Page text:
Outline of an Analysis of an Expected Signal (with blinding)

Analysis Outline

Define the Analysis

  • Signal: what physics process is being studied (e.g., H -> ZZ, Z->mu mu, Z->mu mu)
    • Characteristics of the signal
      • Event topology and kinematics
      • Detector elements
    • Selection criteria
      • Particle identification
      • Kinematics
      • Jet reconstruction
    • Reconstruction algorithm
  • Background processes that mimic the signal
  • Discriminate between signal and background
    • Goodness criteria

Implement the Analysis

  • write/beg/borrow/steal code to implement the selection and reconstruction procedure
    • most analyses start with someone else's code

Inputs: source code

Outputs: source code

Tools: source browser (lxr), version control system (cvs), IDE, development tools

Test the analysis on Simulated Data

  • Use simulated signal and background data samples to test the implementation
    • "Generic" simulated data sample provided by the experiment, signal or analysis specific simulated data generated for the analysis
    • Usually test backgrounds individually
    • Statistically combine weighted results from individual signal and background tests to simulate full result

Inputs: simulated data

Outputs: test procedures, test results

Tools: data discovery (DBS), software framework (CMSSW, FWLite), analysis environment (ROOT), simulated data production workflow management (ProdAgent), analysis workflow management (CRAB)

Tune the analysis on Simulated Data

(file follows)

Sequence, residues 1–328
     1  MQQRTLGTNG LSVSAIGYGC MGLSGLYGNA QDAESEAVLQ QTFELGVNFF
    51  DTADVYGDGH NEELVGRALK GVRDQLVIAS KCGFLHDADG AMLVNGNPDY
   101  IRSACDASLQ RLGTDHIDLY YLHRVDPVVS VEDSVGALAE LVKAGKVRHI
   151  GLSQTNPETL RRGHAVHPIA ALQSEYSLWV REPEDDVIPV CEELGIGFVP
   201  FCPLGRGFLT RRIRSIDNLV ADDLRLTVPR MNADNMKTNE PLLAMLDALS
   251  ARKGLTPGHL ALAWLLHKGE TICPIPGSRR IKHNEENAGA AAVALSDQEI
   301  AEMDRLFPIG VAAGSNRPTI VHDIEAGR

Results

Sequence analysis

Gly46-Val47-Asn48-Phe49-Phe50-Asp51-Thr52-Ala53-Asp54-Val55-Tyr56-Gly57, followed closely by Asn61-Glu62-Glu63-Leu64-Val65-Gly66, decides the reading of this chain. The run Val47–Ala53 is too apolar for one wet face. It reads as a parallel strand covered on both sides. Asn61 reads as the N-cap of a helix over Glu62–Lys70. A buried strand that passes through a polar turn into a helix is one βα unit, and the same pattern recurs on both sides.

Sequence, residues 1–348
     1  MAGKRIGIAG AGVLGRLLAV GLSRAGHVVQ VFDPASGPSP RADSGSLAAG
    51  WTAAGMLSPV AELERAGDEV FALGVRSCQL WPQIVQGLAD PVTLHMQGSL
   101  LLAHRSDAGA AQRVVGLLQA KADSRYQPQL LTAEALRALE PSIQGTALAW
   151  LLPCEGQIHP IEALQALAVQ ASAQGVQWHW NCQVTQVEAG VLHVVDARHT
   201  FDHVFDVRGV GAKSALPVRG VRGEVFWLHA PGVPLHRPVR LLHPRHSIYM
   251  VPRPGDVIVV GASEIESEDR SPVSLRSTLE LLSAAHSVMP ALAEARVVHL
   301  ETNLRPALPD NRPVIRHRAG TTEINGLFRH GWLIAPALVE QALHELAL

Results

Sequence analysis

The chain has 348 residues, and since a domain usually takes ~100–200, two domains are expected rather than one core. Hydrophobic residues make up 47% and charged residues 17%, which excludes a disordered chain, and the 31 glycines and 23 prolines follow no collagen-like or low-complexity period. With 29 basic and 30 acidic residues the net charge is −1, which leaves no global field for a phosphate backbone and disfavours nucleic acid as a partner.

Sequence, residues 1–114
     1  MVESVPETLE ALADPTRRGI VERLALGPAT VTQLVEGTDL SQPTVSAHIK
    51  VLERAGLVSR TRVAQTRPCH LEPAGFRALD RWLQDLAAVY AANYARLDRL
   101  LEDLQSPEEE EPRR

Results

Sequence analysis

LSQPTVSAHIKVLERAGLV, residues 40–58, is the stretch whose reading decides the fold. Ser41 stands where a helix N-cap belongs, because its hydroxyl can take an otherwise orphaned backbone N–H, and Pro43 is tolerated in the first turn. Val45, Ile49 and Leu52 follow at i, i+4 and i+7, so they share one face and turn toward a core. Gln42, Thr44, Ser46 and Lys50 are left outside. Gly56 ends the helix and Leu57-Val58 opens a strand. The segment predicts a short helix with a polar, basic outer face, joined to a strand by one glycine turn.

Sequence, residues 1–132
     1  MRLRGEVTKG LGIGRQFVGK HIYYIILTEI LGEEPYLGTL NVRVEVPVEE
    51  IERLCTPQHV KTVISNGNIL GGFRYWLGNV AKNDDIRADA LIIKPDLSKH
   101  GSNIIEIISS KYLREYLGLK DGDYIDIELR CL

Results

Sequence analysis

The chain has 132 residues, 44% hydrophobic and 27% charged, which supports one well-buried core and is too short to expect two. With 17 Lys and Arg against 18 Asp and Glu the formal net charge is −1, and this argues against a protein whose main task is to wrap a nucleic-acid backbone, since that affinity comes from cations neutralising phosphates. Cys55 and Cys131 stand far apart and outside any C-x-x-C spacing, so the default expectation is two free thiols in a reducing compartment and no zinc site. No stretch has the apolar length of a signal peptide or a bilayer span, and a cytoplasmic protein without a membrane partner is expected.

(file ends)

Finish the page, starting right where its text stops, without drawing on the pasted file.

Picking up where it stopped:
• classification/optimization problem
    • systematically vary selection criteria and measure the results on the various signal and background samples
    • may include neural net training, decision trees, bayesian classifiers, etc.

Inputs: simulated data

Outputs: tuning procedure, tuning results

Tools: same as previous step

Validate the analysis

  • Verify that the overall characteristics of the simulated analysis results correspond to expectations
  • Probe for errors, anomalies, etc.
    • Hypothesize potential problems with the analysis
    • Develop data samples to test for the hypothesized problems
    • Some tests will use real data with no signal
      • samples where no signal is expected
      • samples with signal analyzed outside the signal region
      • analysis modified to look for "impossible" signal signature (e.g., impossible particle charge combinations)
  • On failure, iterate back to analysis definition or implementation as appropriate

Inputs: simulated data, real data

Outputs: validation procedure, validation results

Tools: same as previous step

Determine Efficiencies needed to reconstruct physics process

  • Usually determined via a combination of simulated and real data
    • real data is preferred to avoid systematic uncertainties/biases in simulated data
  • Efficiencies for a difficult analysis may be very low

Inputs: simulate data, real data

Outputs: efficiency analysis procedure, reconstruction efficiency results

Tools: same as previous step

Run on real data with blinded analysis

  • Blinding obscures the value of the final measurement so that the analysis is unbiased by tuning for a desired value

Verify the characteristics of the result

  • Verify that results other than the signal matches the expected distributions (e.g., check that fit residuals or backgrounds outside the signal region are reasonable).

Unblind the signal

-- DanRiley - 21 Sep 2007
Topic revision: r2 - 01 Oct 2007, DanRiley
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